Iraq's ambassador here said yesterday that his nation has lost patience with Iran's refusal to accept the cease-fire resolution passed unanimously by the U.N. Security Council in July and will shortly resume its attacks on Iranian ships in the Persian Gulf.

"We are going to hit more ships in Iranian territorial waters, which is a war zone, until Iran accepts the whole Security Council resolution," the ambassador, Nizar Hamdoon, said.

"Whether we hit this week or next week is a question of tactics. Our strategy is to continue to hit their ships until they accept the Security Council resolution," he added in an interview. "We may do that tomorrow, we may do that in the next few days."

Iran has repeatedly threatened to retaliate against any renewed Iraqi hostilities in the "tanker war" by resuming its attacks on Kuwaiti-bound ships, including the 11 oil carriers Kuwait has placed under the American flag. The United States, which has assembled more than 30 warships in the gulf area, has pledged to protect the reflagged Kuwaiti tankers.

U.S. officials said they took the Iraqi warning seriously but suggested Iraq might be making the threats mainly as a tactic to step up pressure on Iran to accept a cease-fire in the 7-year-old war.

"We take it seriously. We don't think it's just bluff. But there is a lot of {diplomatic} maneuvering going on," said one official. "I think Iraq is trying to keep the pressure on Iran."

The United States has been counseling restraint by Iraq, which has accepted the U.N. cease-fire resolution, to avoid further complicating Washington diplomatic efforts on a second U.N. Security Council resolution. That proposal would impose an arms embargo on Iran if it refused to accept the cease-fire resolution.

The Iraqi threat to resume tanker attacks could also be a ploy to pressure the superpowers to move on the proposed resolution, according to some U.S. officials. Washington has stated that it favors an arms embargo but Moscow has said it is "premature" to consider imposing such a measure on Iran.

Hamdoon dismissed Iranian threats of retaliation against U.S.-escorted Kuwaiti tankers if and when Iraq resumes its attacks on Iranian ships. "We don't think that the Iranian rhetoric will be met by action," he said.

"I really don't think the Iranians will go for a clash with other parties, not just the United States but even when it comes to smaller Arab countries in the gulf," he said, "because they know this would add a new burden on them."

Hamdoon, 43, who has served as Iraq's ambassador here since Baghdad resumed diplomatic relations with Washington in November 1984, leaves Sept. 6 to become Iraq's deputy foreign minister in charge of bilateral relations. His tenure here included a year as head of the Iraqi interest section before the resumption of diplomatic ties.

In the interview, Hamdoon said his government had lost patience with Iran's refusal to accept the U.N. cease-fire resolution and charged Tehran had merely exploited the lull in the "tanker war" to increase its oil exports.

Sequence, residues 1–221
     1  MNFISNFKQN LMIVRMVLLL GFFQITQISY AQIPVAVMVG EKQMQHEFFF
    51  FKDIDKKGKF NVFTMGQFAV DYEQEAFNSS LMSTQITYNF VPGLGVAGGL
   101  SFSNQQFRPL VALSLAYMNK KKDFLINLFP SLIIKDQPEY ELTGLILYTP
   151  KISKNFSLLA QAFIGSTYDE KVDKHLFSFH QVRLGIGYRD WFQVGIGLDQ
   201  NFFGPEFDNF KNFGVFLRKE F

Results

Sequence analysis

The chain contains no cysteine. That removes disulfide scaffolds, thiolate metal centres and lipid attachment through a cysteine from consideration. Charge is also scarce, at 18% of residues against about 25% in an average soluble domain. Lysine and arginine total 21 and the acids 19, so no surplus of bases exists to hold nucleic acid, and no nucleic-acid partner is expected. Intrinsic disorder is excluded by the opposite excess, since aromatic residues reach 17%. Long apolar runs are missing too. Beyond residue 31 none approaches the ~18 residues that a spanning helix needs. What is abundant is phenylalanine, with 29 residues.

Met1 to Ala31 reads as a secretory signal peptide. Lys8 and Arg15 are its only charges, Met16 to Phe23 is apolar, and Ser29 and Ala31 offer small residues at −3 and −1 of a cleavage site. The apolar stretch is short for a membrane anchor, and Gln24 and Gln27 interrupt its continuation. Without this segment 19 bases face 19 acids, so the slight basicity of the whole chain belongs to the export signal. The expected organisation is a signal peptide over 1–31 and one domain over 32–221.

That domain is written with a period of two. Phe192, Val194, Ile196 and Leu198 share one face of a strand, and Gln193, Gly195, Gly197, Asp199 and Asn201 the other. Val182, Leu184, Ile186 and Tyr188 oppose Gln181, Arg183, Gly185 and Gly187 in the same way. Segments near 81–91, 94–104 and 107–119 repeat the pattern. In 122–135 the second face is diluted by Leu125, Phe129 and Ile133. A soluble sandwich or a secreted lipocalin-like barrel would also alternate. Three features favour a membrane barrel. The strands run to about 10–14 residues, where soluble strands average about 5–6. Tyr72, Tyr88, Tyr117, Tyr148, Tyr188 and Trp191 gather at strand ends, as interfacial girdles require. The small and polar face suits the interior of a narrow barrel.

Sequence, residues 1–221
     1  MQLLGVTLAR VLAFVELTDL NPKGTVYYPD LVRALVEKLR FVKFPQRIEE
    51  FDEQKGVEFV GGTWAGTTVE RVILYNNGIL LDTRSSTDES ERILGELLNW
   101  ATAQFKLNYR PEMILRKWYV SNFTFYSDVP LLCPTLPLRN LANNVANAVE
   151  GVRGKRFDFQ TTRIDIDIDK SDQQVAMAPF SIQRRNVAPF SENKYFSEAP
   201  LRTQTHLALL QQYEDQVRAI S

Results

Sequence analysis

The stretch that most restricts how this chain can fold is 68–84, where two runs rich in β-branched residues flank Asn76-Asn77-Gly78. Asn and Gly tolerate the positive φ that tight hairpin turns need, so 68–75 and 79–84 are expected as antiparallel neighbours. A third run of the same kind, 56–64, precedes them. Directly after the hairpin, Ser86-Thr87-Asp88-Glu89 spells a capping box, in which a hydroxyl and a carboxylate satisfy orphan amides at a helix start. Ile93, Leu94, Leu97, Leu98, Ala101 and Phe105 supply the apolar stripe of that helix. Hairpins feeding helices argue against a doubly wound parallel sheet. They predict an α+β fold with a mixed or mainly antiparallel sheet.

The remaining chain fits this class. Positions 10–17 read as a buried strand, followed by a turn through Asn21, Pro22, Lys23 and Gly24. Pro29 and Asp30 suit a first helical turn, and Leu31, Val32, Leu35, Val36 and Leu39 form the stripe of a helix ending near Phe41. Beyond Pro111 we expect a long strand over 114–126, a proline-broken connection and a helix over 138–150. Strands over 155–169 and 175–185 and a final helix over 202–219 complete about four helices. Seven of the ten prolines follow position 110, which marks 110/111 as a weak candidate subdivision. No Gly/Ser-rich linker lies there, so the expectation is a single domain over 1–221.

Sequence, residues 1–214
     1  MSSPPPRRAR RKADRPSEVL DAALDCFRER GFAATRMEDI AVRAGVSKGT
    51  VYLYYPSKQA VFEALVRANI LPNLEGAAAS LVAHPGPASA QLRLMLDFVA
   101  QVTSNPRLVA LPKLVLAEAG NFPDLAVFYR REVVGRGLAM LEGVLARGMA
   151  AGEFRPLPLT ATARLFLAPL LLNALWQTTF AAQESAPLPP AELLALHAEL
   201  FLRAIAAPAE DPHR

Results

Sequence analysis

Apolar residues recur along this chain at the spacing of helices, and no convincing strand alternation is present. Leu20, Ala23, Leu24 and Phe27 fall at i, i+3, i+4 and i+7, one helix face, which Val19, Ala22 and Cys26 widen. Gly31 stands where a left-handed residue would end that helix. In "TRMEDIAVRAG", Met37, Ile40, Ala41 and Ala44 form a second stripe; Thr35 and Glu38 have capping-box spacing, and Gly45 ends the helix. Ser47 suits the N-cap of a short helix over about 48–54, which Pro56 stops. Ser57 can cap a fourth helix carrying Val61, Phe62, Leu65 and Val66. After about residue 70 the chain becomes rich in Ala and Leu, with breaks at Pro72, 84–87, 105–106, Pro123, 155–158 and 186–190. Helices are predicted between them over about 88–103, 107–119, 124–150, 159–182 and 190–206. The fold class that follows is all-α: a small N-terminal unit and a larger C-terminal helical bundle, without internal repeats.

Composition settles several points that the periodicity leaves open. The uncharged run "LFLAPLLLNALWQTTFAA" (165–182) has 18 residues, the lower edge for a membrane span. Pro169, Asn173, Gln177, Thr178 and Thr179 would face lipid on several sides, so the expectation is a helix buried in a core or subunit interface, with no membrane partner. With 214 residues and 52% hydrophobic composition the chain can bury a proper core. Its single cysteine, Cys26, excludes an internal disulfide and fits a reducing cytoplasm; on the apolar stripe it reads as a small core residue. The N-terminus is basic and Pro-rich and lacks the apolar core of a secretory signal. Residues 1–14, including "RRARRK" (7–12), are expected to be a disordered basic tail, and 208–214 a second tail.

"There is a very simple reason behind our feeling of impatience: the fact Iran is now exporting oil to its maximum capacity. All that means money and money means weapons," he said. "For that reason, Iraq cannot, for whatever regional reasons, keep this game going with Iran getting more money and therefore financing its war machine."

Iran is reported to be exporting about 2 million barrels a day, up about 500,000 barrels from a year ago and about 200,000 to 400,000 barrels more than last spring.

Iraq initiated the "tanker war" in the spring of 1984 in a bid to reduce, if not cut off altogether, Iran's oil exports. Since then, it has been responsible for the majority of the more than 300 attacks on ships in the gulf.

Hamdoon conceded that past Iraqi attacks on Iranian tankers had not succeded in crippling its enemy's oil exports. But he defended the practice, saying that, "whatever the efficiency was -- 10 percent or 80 percent -- we think it's worth it. It will put a squeeze on them {the Iranians} . . . . It's a total war and every factor has a role to play in the outcome."

In reflecting on his nearly four-year stay here, Hamdoon said he had seen no particular "high points or low points" in U.S.-Iraqi relations during that period. "I believe that our relations have grown steadily, sometimes slowly but really very surely," he said.

On the impact of revelations about secret U.S. arms shipments to Iran, the ambassador said he had been "stunned" by them at first. But subsequently, the American reaction to the Iran-contra affair had "helped us a lot" to get the Iraqi viewpoint on the war across in Washington, he said.

"In the sense, it was a matter of taking advantage of the situation," he said.

He said Iraq has "hope" of obtaining arms from the United States but that it had not asked for any formally and "nobody has offered" any.

Hamdoon also said a trade agreement signed here Wednesday between Iraq and the United States should provide a better basis for improved economic relations and more opportunities for Americans to do business in Iraq.